Swedish Club issued a paper focusing on the importance of securing the containers correctly, highlighting the proper use of equipment such as turnbuckles, lashing bars and different types of twistlocks.
Immediate causes of container loss
The Club’s claims statistics show that the main reason is related to container vessels navigating in heavy weather combined with a failure of the crew to reduce speed and/or alter course to either avoid it or alleviate its effect.
Other common factors are:
- Containers not being correctly stuffed or declared by the shipper
- Containers not being loaded as per the stowage plan
- Containers not secured in accordance with the Cargo Securing Manual (CSM)
- Lashing strengths not checked against the loading computer’s lashing module
- The vessel being too stiff with an excessive GM (Metacentric Height)
The costliest claims are related to container vessels navigating in heavy weather. Avoiding heavy weather and ensuring the cargo is properly secured is paramount. Exercising good seamanship when vessels navigate in or near areas of heavy weather will assist in preventing incidents and their associated high cost.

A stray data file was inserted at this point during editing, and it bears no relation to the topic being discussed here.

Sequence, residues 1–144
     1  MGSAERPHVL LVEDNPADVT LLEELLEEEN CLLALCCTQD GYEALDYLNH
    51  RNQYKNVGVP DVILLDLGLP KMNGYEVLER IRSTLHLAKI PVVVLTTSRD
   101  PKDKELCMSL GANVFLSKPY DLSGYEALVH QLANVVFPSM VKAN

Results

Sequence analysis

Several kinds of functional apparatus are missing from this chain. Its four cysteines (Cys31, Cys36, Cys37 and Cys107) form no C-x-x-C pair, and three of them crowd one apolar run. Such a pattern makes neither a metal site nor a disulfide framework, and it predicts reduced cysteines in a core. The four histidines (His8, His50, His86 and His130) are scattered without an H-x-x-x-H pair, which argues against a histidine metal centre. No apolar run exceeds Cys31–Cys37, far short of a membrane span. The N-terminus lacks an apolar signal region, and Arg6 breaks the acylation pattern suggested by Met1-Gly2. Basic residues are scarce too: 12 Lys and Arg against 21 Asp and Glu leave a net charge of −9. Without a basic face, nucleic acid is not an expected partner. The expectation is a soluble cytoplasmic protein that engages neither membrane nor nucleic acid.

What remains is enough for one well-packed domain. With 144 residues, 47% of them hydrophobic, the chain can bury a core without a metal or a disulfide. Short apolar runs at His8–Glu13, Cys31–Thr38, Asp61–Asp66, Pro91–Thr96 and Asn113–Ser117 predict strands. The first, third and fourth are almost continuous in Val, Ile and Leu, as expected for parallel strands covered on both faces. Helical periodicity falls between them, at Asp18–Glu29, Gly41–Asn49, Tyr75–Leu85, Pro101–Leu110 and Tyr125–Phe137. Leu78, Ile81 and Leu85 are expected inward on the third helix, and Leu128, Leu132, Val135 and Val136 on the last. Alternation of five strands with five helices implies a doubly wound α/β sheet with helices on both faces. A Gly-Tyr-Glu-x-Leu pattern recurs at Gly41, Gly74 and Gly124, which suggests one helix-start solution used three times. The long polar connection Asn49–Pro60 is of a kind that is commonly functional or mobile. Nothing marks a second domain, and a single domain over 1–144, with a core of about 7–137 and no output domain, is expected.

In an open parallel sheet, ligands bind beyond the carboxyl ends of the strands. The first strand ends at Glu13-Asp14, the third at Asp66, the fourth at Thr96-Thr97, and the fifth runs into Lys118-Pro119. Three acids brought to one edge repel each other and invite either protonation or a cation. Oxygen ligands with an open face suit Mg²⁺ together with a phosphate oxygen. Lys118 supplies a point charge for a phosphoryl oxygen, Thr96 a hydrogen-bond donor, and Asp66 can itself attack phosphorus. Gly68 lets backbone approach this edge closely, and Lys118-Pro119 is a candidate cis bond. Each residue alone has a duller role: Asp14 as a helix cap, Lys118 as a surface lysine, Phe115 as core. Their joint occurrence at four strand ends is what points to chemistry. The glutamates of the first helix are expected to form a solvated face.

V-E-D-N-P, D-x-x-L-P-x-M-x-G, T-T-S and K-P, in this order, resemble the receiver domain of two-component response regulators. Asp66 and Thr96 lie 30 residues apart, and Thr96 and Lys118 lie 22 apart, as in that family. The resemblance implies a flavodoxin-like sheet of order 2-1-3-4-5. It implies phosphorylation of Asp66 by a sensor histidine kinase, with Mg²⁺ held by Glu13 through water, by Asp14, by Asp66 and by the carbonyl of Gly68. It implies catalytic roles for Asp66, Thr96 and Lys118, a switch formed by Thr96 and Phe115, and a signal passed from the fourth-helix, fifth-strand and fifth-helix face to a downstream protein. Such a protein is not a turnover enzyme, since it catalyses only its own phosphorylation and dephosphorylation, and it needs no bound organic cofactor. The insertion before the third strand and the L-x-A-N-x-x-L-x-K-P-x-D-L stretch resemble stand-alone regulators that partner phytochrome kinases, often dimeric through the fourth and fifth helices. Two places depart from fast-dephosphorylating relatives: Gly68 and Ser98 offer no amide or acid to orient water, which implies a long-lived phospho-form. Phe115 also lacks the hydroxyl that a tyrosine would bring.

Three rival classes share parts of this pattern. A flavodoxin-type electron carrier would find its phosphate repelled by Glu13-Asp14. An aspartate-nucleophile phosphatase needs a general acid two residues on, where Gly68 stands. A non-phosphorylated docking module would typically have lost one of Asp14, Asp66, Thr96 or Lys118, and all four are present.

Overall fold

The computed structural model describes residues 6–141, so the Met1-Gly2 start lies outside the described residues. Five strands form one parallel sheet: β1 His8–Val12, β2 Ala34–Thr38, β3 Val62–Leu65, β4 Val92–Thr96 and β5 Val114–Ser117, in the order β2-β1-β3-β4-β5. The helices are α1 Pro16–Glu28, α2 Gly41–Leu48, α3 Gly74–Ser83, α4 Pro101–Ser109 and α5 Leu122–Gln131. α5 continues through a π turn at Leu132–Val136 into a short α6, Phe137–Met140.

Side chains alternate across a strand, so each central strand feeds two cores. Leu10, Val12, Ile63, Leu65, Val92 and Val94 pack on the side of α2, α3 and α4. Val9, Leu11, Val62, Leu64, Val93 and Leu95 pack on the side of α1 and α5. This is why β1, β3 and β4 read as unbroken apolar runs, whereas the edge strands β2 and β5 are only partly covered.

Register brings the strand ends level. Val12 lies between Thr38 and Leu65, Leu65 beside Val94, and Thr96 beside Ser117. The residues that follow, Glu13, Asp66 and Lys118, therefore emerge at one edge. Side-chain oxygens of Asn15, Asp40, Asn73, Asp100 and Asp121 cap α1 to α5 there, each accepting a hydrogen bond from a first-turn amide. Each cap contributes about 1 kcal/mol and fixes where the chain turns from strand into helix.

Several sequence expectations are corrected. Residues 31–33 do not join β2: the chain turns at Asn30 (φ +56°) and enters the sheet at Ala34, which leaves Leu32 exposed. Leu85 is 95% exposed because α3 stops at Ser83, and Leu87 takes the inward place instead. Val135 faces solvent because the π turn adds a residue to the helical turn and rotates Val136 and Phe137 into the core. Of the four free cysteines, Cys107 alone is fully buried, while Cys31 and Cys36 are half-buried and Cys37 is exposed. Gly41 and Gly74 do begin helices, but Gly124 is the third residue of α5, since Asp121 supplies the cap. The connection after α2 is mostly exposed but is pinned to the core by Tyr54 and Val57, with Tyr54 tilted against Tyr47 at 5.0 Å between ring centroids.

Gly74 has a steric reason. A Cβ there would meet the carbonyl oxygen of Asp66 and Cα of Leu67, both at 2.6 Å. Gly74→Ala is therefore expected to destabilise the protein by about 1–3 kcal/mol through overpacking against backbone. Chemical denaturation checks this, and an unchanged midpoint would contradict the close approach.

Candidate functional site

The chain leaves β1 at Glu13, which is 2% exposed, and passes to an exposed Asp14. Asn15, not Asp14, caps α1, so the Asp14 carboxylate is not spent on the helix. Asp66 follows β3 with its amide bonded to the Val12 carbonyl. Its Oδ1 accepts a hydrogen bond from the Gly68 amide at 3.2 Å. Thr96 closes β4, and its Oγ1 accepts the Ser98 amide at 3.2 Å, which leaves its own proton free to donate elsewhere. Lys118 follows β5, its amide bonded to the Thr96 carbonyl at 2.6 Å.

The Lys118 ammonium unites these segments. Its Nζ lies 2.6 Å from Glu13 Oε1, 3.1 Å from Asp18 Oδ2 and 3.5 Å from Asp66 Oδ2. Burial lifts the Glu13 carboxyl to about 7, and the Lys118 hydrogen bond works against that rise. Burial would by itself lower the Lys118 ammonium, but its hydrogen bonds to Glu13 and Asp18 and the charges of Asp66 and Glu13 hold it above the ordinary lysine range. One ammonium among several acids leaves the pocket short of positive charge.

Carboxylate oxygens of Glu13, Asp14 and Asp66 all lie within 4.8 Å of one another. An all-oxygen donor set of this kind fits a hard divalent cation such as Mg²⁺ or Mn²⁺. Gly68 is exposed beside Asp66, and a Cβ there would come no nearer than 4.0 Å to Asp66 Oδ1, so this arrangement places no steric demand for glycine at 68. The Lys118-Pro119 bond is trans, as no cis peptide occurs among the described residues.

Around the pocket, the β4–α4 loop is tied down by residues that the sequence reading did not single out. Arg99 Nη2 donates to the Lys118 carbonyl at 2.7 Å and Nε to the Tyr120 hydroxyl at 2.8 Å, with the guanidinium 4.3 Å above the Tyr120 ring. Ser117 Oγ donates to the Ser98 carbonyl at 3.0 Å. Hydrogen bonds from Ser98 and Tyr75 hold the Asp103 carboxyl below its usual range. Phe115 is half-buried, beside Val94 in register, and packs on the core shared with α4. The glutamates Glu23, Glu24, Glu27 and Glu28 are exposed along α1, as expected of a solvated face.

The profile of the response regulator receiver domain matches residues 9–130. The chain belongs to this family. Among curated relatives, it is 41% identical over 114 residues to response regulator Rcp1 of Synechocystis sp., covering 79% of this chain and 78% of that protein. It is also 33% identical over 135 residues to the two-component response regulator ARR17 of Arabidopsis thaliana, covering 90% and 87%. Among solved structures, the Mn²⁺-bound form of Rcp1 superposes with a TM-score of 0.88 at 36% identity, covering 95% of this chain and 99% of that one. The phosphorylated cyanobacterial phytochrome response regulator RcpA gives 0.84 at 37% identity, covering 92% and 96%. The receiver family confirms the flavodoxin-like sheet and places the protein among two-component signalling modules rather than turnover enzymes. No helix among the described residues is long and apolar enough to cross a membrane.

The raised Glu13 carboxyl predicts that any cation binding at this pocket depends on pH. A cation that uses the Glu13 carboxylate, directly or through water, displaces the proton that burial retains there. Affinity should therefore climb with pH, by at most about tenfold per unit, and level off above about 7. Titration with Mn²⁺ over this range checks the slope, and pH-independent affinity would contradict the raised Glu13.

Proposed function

Loading and securing
The loading and securing of containers are usually performed by the port stevedores. A concern during loading is that stevedores secure containers with lashing equipment that has deteriorated.
It is important that all lashing equipment is in good condition and that any items in poor condition are removed to prevent further use. The Master is responsible for the safe loading of the vessel in accordance with ISM and SOLAS regulations. Before departure, the crew should also verify that the cargo has been secured correctly.
- Sailing through heavy weather is the most common immediate cause for containers being lost overboard. Using weather routeing will improve the situation. Reducing speed and altering course will also help.
- When preparing a vessel for sea it is essential that the cargo is loaded as per the Cargo Securing Manual, which provides guidance on the stowage and securing of containers and nonstandardised cargo.
- In many of the cases that The Swedish Club has dealt with, an excessive GM has been one of the contributing factors. Particular attention must be paid to the vessel’s GM when sailing through heavy weather.
- Misdeclared cargo is a common cause of lost containers and can lead to major losses.